Session: N.E.O. - New Esthetic Order
Session: P.U.S.H. - Public Urban Space Hub
Session: M.U.S.E. - Media Urbanism, Smart & Green
Session: Co.Co.On. - Construction, Content, Social Online-Interaction
Session: C.O.P.E. - Catwalk of Project Excellence
Workshop: The Making Of Yas
Workshop: Consumption, Commercialization, Tactics, and Tracking in Public Space
Workshop: Visualisation, Sensing, Simulation
Workshop: Design Challenges and Software Solutions Behind the Biennale Installations
Workshop: Content Development Strategies for Media Facades
Workshop: Global Energy and Techniques of Green Media Architecture
Workshop: Screening Interaction in Public Space
Workshop: 3D - Displays
Design Methods – engineering and artistic, Construction and Cooperation between Building Components, Users and Media Usability.
Media architecture and digital urbanism add a considerable amount of complexity to existing design and planning processes. Solutions need to be customized and require participation of the domains of construction, media content with economical targets to create public staging of architecture and media spectacle. Methodologies and processes for the transdisciplinary development of animated images, interaction and physical structure are yet to be defined.
Who owns which part in this new design process and has to communicate with whom? What are the most relevant technical challenges for design? What are the clients’ needs and visions and what do designers and planners want? Whats are the key concepts and goals to be able to manage various design disciplines in one design process?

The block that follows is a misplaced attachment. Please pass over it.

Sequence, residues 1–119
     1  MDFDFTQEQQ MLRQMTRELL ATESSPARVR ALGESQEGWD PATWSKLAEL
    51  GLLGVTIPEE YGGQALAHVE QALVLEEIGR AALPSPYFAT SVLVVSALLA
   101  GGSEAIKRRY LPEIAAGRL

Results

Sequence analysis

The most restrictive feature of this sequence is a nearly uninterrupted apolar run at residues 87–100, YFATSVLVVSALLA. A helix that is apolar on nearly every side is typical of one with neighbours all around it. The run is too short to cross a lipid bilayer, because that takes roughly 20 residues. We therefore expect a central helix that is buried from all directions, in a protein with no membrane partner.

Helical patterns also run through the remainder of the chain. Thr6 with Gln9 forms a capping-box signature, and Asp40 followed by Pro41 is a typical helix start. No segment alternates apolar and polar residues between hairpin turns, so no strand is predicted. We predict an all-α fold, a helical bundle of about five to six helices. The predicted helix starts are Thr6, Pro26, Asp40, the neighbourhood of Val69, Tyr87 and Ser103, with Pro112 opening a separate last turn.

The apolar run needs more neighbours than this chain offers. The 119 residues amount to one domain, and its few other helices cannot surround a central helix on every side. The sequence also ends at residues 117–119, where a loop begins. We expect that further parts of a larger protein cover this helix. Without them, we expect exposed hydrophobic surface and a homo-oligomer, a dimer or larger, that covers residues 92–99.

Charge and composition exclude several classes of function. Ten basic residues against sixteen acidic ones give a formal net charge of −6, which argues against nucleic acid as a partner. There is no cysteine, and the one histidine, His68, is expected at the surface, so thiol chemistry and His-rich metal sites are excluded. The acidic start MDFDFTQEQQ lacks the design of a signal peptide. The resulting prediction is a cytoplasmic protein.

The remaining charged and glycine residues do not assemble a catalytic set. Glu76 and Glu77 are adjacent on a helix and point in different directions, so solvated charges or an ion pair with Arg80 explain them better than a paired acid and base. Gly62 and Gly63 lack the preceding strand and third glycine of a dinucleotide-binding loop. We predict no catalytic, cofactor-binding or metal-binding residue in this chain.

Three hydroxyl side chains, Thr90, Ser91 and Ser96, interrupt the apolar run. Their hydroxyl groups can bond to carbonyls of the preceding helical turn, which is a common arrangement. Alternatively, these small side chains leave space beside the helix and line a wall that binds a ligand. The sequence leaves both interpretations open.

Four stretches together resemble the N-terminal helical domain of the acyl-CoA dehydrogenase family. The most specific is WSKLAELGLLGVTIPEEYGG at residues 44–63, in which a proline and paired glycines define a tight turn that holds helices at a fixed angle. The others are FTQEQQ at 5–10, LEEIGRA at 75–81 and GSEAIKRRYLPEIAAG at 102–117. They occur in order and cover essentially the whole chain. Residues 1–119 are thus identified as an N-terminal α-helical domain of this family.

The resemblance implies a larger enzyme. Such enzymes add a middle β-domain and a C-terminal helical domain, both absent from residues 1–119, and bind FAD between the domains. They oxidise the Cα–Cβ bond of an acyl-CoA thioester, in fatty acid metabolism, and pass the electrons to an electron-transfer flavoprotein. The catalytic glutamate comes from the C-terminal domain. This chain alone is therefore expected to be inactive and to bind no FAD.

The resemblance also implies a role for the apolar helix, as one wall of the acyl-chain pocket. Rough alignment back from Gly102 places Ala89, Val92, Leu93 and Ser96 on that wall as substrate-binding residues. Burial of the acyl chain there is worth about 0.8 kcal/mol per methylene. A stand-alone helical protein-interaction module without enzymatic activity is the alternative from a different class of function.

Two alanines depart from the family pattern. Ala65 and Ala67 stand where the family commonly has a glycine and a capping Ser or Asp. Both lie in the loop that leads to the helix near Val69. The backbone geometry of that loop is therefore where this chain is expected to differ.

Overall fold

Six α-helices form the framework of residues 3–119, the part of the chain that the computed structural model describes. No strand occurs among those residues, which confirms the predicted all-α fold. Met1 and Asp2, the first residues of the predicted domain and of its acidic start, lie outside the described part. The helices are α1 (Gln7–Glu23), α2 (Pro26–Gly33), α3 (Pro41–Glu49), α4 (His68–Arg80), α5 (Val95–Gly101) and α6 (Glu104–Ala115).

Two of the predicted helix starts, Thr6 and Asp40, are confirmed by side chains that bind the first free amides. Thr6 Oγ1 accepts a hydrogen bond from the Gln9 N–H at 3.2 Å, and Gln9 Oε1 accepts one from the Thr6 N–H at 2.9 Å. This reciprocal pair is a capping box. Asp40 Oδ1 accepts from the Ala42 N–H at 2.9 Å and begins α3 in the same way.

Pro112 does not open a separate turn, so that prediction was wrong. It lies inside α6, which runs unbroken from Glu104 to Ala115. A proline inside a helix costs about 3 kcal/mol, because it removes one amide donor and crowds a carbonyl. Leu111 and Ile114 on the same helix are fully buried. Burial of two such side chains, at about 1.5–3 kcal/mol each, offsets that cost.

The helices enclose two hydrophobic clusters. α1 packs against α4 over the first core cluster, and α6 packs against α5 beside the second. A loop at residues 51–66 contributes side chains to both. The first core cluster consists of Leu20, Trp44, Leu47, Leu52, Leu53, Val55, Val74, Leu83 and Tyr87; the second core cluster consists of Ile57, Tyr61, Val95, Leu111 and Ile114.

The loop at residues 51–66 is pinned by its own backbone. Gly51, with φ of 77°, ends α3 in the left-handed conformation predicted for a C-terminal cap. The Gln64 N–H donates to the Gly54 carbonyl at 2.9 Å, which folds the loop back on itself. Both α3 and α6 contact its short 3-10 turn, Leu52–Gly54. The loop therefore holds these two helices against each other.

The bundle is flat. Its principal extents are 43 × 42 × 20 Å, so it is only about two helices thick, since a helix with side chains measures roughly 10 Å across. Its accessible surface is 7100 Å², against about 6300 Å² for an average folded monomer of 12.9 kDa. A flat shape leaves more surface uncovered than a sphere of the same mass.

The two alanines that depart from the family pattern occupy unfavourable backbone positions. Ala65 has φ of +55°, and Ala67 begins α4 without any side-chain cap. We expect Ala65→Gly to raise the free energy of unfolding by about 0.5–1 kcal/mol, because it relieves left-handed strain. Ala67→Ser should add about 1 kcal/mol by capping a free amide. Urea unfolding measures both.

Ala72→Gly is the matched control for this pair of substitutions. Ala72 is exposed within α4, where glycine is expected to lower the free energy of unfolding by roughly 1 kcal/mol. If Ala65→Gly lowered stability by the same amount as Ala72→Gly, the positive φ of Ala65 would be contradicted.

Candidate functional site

Session Chair: Stefan Hofmann – Façade lighting projects in China – Lichtwerke GmbH, Cologne, Germany
Speakers: Stefan Mittlböck-Jungwirth-Fohringer – Ars Electronica Futurelab, Austria Daan Roosegaarde – Interactive Landscapes – artist, the Netherlands Marilena Skavara – Adaptive fa[CA]de – architect microhappy, UK Stephan Wittekind – Traxon Technologies, Germany
Sum-Up and Commentary Session 4: Co.Co.On. - Construction, Content, social Online interaction Chair: Stefan Hofmann (Text by Julia Steinbauer. Missing commentaries simple reflects the fact that Julia had no chance to attend the particular speech.)
In his work at the Ars Electronica Future Lab, Stefan Mittelböck focuses on user-sensitive information architecture at the nexus of man, media and machine. When developing a guidance system for SAP Germany, the Ars Electronica Future Lab created a water flow leading the visitor from a parking lot into the building, where it transforms into a data flow visualizing what is going on in the company. The user can interact with this system on several layers like touch screens or a heart rate interface, thus impacting both the flow of water and the data flow. At the Ars Electronica Center's facade a terminal was implemented, where people can hook up their mp3 players to control a 'light organ' on the facade. The User can additionally actuate the color, movement and illumination of the facade through a heart rate interface and a camera.